Last updated on January 25th, 2023 at 02:38 am
Many phrases exist today that we normalize as just being run-of-the-mill, as it were. ‘Run of the mill’ is one of them. But it only came into usage in the early twentieth century to say something is ‘average,’ ‘typical,’ or ‘common.’
Before this, it was used in industrial factories packing flour in Britain. So it had a practical application. A certain amount of flour was milled daily because it was a ‘run of the mill.’
There are hundreds of other sayings like this, but undoubtedly one of the least understood is the idea of a ‘Pyrrhic victory’. So, where and when did it come from?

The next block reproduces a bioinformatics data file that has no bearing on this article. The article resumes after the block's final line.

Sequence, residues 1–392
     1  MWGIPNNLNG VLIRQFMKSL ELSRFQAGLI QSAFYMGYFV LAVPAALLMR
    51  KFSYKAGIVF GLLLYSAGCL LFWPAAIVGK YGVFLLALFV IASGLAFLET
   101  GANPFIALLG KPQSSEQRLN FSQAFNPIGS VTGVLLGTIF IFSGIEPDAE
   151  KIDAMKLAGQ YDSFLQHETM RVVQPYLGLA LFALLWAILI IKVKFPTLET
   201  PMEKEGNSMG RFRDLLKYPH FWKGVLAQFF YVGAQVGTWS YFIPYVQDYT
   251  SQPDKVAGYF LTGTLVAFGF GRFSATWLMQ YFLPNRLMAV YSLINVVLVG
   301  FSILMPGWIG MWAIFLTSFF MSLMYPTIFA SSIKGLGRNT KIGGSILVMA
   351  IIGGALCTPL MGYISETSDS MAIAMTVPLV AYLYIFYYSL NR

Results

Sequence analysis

Third Century BCE in the Roman Republic
The notion of a Pyrrhic victory is ancient. It dates back to the early third century BCE when the Roman Republic began asserting its military might on the Italian peninsula.
According to legend, Rome was founded in 753 BCE by the brothers Romulus and Remus on the banks of the River Tiber. Romulus then became the city’s first king, and six other monarchs followed him before Rome became a republic in the late sixth century BCE.
But the city remained a small power for nearly two centuries after that. Rome began conquering large portions of Central Italy in the late fourth century BC, between 330 BCE and 300 BCE.
Eventually, after it secured control of the middle of the peninsula, the aristocratic rulers of Rome turned their attention southwards toward cities like Capua and Heracles in southern Italy.